Aubrey Beardsley born 21 August 1872 (d 1898)
Born in Brighton to a genteel but nearly destitute family, Aubrey Beardsley was a musical and artistic prodigy as a child who went on in his short life to become a highly original and influential illustrator, one of the greatest of the Symbolists.
He was educated at the Bristol Grammar School and later, with the encouragement of Pre-Raphaelite painter Sir Edward Burne-Jones, attended night classes at the Westminster School of Art. Although he absorbed a number of influences, including that of the Pre-Raphaelites, Beardsley was largely self-taught.
In 1892, the young artist received his first commission, an invitation to illustrate an edition of Thomas Malory's Morte D'arthur for the publisher J M Dent. The assignment entailed over 300 illustrations and chapter heads, which the artist executed in a mock-medieval, Pre-Raphaelite style.
In 1893, as he was working on the Dent commission, he met Oscar Wilde, with whom he would be associated for the rest of his life, at least in the public's imagination. Beardsley was invited by Wilde's publisher to illustrate the English edition of Salome. When it was published in 1894, both the play and the witty, provocative - blatantly erotic - illustrations created a sensation.
That same year Beardsley became famous as the art editor of The Yellow Book, a new arts and letters periodical. Although Wilde never actually contributed to the magazine, it was widely assumed to be an organ for the aesthetic ideas that the playwright espoused. Beardsley's stunning black-and-white drawings, title-pages, and covers helped make the new quarterly a great success. But The Yellow Book also quickly became a site of the fin de siècle culture wars, a target of moralists concerned about the influence of the decadent movement on English society and art. One detractor described Beardsley's designs for the periodical as 'Diseased, weird, macabre, and sinister.'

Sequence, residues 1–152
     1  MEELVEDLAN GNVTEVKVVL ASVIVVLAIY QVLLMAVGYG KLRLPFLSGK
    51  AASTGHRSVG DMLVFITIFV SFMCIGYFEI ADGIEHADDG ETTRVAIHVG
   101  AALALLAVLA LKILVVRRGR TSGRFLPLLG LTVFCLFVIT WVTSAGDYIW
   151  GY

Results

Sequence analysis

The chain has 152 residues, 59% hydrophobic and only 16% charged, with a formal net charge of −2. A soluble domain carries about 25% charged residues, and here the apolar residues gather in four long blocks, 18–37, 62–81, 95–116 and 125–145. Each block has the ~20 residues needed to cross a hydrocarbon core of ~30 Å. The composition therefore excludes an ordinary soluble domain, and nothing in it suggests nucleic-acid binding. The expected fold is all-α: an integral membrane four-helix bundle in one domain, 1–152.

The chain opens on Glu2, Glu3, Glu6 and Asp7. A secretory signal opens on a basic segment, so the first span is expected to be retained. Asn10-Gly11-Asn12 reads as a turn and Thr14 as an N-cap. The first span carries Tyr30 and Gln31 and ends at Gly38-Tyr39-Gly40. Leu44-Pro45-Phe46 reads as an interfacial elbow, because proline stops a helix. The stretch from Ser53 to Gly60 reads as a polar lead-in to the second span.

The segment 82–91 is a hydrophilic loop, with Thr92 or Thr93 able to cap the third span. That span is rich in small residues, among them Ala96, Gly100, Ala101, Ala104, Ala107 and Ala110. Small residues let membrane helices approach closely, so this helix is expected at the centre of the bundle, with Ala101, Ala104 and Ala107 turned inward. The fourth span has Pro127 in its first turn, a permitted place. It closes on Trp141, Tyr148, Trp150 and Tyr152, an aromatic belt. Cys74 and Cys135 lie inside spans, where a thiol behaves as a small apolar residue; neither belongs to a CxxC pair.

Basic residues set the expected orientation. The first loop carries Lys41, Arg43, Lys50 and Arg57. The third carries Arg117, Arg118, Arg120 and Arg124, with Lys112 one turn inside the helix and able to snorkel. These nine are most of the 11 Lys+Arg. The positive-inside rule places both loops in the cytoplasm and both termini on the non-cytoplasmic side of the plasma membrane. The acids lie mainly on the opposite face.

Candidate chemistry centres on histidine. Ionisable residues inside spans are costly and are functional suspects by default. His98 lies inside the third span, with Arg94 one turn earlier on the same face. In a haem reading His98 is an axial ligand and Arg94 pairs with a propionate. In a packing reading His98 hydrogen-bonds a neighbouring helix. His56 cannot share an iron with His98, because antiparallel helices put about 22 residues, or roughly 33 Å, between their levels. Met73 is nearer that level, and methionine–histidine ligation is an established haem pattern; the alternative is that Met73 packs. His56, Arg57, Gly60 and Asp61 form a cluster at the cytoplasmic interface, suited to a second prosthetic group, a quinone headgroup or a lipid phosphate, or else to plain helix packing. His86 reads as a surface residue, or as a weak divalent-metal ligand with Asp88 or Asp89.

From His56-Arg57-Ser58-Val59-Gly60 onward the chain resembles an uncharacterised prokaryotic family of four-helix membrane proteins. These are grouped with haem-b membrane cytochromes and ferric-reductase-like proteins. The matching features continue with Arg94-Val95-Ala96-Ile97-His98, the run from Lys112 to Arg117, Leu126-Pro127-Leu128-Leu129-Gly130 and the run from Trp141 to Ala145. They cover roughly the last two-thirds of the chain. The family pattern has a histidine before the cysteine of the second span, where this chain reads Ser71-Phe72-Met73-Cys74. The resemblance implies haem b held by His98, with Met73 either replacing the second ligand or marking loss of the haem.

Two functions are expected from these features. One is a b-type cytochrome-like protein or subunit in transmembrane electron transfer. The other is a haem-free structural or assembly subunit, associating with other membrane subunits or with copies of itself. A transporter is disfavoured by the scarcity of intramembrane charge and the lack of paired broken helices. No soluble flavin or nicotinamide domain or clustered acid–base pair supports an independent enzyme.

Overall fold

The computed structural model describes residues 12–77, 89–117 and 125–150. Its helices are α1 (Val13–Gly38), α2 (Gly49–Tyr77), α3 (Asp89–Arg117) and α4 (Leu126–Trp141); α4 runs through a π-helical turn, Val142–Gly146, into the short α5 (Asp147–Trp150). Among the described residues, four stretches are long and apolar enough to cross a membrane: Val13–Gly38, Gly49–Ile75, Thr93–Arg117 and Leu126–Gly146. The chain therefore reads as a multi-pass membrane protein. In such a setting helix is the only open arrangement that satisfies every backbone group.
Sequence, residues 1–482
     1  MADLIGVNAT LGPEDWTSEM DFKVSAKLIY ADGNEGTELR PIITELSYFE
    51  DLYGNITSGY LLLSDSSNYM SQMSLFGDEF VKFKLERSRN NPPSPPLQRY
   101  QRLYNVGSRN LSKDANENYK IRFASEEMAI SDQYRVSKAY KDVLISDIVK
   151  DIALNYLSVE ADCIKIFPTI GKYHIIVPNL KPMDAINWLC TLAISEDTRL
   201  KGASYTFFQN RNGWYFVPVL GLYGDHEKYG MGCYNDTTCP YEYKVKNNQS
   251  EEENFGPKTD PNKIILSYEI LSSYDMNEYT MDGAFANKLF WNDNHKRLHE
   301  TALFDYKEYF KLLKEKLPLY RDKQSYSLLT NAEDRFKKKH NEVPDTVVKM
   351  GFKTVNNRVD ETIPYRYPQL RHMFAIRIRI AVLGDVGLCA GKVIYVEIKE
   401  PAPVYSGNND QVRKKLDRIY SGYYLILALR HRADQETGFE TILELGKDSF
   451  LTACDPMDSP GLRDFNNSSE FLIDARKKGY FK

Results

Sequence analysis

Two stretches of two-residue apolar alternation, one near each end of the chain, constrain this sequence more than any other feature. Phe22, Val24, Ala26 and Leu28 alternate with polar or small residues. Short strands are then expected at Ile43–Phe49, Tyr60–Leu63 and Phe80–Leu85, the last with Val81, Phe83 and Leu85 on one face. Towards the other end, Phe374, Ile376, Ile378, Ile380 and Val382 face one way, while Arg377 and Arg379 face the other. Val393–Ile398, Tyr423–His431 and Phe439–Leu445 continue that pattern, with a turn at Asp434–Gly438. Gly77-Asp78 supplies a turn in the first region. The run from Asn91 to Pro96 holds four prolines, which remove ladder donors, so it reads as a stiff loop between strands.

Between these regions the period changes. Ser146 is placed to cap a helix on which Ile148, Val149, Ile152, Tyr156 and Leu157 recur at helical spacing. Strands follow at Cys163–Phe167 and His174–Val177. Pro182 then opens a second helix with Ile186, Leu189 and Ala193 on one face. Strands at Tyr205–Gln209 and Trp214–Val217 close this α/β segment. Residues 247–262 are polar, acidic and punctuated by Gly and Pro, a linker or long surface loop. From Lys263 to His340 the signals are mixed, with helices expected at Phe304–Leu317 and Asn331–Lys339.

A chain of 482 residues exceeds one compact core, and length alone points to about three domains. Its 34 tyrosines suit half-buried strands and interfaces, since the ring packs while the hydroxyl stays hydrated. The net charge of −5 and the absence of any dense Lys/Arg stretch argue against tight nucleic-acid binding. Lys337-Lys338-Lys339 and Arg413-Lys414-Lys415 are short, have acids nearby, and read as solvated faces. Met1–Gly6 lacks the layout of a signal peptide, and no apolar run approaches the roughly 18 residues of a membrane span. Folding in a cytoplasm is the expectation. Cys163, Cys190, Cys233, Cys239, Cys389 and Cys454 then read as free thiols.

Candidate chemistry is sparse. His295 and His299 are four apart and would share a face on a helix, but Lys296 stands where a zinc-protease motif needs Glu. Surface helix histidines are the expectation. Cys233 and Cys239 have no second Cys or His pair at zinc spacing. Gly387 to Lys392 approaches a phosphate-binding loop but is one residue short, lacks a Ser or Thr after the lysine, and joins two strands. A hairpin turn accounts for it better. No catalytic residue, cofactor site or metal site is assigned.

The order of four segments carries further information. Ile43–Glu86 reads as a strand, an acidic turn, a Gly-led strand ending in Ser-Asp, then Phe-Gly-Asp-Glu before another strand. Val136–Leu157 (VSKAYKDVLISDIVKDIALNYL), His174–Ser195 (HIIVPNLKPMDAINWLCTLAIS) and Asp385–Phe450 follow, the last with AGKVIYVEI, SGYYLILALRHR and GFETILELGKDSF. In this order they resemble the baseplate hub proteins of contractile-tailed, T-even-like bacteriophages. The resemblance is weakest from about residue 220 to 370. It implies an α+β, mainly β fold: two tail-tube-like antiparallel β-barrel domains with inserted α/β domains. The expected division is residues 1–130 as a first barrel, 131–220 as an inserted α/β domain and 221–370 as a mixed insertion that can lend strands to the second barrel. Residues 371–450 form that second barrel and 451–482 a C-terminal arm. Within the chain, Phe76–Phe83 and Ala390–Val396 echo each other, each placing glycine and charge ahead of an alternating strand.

In the context of the growing notoriety of Wilde and his circle, this may be seen as an attack on the newly visible homosexual subculture that emerged at the end of the nineteenth century. The culture wars culminated in Wilde's prosecution and conviction for gross indecency in 1895. One casualty of the reaction triggered by the Wilde trials of 1895 was Beardsley himself. He was summarily fired from his job as art editor of The Yellow Book. He had been too closely associated with Wilde for the publisher's comfort and his art too erotic and perverse for the new mood of conformity prompted by Wilde's conviction.
Beardsley however continued to find work as an illustrator and created many more beautiful illustrations. Unfortunately, Beardsley had been plagued by ill-health and bouts of tuberculosis since childhood and he died in the South of France, where he had gone in search of a better climate for his increasingly frail health. He was just 25.
Considering the brevity of his life, Beardsley's achievement is astonishing. A highly original creator, he transformed the art of illustration and profoundly influenced artists of his own and subsequent generations.
Popular Themes and Searches
Academics Activists Actors Architects Aristocrats Artists Ballet Beat Generation Bisexuals Broadcasters Broadway Businessmen Choreographers Classical Music Comedians Composers Critics Dancers Death by suicide Death from HIV/Aids DJs Drag Fashion Designers Female Impersonators Film Film Directors Hollywood Illustrators Journalists Leftfield/Avant-Garde Military Men Musical Theatre Musicians Novelists Olympic Medalists Oscar Wilde Painters Photographers Playwrights Poets Politicians Popular Music Porn Stars Radio Screenwriters Singers Songwriters Sportsmen Television Theatre Theatre Directors Tony Award winners Victorians World War 2 World War I Writers